Instead, she issued a series of groveling statements and simply caved to the shriekers. “The same pernicious racism that pervades our society is here, too,” she confessed. On her watch, the school has undergone “equity audits,” imposed antiracist training for all employees, appointed a new dean of “equity and belonging,” and held a slew of social-justice talks and events—the whole dreary and familiar litany. College Prep now “acknowledges the destructive . . . role of anti-Black racism and white supremacy within institutions, including [itself].” The school is committed to “decentering whiteness in [its] curriculum.”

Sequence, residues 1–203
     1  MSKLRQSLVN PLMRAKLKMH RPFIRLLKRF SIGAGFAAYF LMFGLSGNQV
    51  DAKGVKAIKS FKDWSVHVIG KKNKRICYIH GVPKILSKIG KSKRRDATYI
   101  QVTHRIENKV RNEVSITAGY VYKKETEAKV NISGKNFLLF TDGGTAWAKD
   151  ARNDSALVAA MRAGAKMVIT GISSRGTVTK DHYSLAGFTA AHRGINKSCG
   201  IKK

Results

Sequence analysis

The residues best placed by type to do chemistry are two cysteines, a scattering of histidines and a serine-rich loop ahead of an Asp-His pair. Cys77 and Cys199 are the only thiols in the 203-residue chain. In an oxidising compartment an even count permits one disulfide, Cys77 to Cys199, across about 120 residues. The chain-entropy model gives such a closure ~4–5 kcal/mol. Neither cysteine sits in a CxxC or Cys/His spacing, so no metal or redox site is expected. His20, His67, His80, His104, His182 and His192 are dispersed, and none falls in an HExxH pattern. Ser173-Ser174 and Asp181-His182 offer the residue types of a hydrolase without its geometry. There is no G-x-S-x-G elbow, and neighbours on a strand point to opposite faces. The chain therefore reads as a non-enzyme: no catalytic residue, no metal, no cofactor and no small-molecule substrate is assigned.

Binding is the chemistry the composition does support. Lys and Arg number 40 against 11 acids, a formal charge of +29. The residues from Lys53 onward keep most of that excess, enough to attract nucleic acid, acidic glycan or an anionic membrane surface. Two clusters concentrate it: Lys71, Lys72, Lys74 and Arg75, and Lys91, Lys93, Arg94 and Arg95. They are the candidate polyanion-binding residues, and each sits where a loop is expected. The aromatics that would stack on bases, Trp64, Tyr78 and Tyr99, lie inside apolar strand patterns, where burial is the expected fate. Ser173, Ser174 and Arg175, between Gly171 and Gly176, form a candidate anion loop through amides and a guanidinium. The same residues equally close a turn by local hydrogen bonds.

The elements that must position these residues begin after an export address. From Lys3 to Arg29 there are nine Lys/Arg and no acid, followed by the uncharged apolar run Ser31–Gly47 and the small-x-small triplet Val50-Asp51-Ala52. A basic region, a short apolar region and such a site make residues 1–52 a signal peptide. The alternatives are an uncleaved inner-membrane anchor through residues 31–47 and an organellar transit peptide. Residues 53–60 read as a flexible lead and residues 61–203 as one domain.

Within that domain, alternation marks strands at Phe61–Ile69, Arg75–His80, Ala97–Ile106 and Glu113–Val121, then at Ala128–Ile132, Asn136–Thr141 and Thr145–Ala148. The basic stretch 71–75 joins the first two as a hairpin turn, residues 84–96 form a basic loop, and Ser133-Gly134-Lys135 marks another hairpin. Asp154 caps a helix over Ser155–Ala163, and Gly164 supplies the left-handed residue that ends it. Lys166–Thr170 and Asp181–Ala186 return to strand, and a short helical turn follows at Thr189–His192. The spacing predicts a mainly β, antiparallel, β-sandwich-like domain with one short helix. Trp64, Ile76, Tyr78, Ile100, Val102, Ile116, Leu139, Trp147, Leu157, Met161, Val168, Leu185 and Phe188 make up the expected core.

In line with that commitment, College Prep overhauled its English curriculum, “making anti-racism central to the department’s learning goals.” The department’s chair has promised “to guard against complacency” as she continuously strives to “counter the dominance of the white narrative that has been the default of American culture.” She means business. The department ditched Turgenev’s Fathers and Sons for “a contemporary novel by a woman of color, text still to be decided”—other considerations being mere details next to an author’s sex and race. On the decision to stop “centering” works such as The Odyssey, the chair dryly remarked: “It has taken until now . . . to let go of some long-taught texts.”